NYC Drops COVID-19 Vaccine Mandate For Student Athletes And Extracurriculars

In August 2021, the city announced that students participating in “high risk” extracurricular activities must be vaccinated against the coronavirus, a policy that covered roughly 20,000 students in the Public School Athletic League who play sports ranging from bowling to basketball. It also included students in chorus, band, and musical theater programs that weren’t part of their regular course loads.

Adams scrapped that requirement on Tuesday along with the vaccine mandate for private employers just before receiving the latest bivalent booster in front of reporters. But other vaccine requirements affecting public schools still stand: All staff must be vaccinated, including coaches who are employed by the city, and so must any visitors to school buildings, a policy that some parents have criticized.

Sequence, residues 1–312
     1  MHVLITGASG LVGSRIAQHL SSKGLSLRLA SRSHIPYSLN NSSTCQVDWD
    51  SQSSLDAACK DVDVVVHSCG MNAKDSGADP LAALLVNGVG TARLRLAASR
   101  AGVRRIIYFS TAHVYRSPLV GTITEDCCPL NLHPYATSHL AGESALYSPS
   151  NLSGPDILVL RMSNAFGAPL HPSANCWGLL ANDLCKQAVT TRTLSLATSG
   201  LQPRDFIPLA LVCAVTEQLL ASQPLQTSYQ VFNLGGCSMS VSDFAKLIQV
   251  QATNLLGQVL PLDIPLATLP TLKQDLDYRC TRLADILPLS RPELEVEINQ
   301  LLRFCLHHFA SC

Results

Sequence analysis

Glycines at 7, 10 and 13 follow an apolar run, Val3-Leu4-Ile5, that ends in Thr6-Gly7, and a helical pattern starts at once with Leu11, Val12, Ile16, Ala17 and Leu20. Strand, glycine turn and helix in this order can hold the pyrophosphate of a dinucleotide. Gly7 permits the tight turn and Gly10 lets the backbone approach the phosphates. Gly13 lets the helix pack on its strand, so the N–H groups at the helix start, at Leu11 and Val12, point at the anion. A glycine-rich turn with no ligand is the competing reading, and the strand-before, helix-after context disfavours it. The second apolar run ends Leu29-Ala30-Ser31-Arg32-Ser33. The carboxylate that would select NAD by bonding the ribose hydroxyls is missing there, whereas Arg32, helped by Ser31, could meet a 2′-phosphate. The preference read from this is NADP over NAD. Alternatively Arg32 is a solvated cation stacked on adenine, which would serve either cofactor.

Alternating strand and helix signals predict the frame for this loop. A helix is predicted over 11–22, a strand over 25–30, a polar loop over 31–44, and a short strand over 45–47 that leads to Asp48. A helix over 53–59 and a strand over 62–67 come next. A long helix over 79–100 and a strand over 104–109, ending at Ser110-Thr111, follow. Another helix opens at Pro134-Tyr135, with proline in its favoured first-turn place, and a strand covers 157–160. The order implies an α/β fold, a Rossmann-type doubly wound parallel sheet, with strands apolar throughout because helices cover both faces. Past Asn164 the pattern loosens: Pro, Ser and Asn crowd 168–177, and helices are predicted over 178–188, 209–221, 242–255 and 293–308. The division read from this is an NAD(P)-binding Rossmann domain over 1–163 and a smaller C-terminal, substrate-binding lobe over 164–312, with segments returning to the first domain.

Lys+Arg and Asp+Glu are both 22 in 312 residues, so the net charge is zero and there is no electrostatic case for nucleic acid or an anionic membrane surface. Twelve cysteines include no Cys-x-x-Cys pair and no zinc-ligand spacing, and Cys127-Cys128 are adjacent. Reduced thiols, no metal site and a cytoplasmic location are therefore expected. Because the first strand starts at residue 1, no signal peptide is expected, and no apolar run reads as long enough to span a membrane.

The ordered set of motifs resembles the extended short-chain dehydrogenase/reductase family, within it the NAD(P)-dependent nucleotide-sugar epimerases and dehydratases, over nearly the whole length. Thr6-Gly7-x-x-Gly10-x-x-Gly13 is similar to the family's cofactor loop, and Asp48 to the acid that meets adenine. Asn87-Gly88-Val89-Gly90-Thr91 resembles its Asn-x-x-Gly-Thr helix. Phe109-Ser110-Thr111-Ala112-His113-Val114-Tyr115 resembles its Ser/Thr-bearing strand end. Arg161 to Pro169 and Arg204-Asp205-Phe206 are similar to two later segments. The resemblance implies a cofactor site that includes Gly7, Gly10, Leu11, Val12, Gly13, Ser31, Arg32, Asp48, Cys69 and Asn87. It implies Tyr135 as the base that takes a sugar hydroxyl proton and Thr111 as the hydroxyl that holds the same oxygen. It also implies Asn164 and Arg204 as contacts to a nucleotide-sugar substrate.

City officials did not present a clear explanation about why the vaccine mandate is being peeled back in some contexts but not others.

“I don’t think anything dealing with COVID is — makes sense,” Adams said when asked about dropping the vaccine mandate for private employees but keeping it for public ones. “You make the decisions based on how to keep our city safe, how to keep our employees operating by taking the vaccine.”

Anna Bershteyn, an assistant professor of population health at NYU, said she supports ending the mandate for student athletes, given that some sports are held outdoors where the risks of transmission are lower. 

“I wouldn’t single out athletes specifically and I think there are better ways to boost vaccination rates that don’t interfere with healthy activities by children,” she said.

Bershteyn pointed to school-based vaccine clinics as one way to boost uptake, something the city has done in the past. But the city’s health commissioner, Ashwin Vasan, suggested the focus would be to encourage parents to get their children vaccinated through their pediatrician or through other healthcare providers.

“That was really intended to raise childhood vaccination rates at a time when we could stand those things up,” Vasan said, referring to school-based vaccine clinics. “Now we’re at a point where emergency dollars are drying up.”

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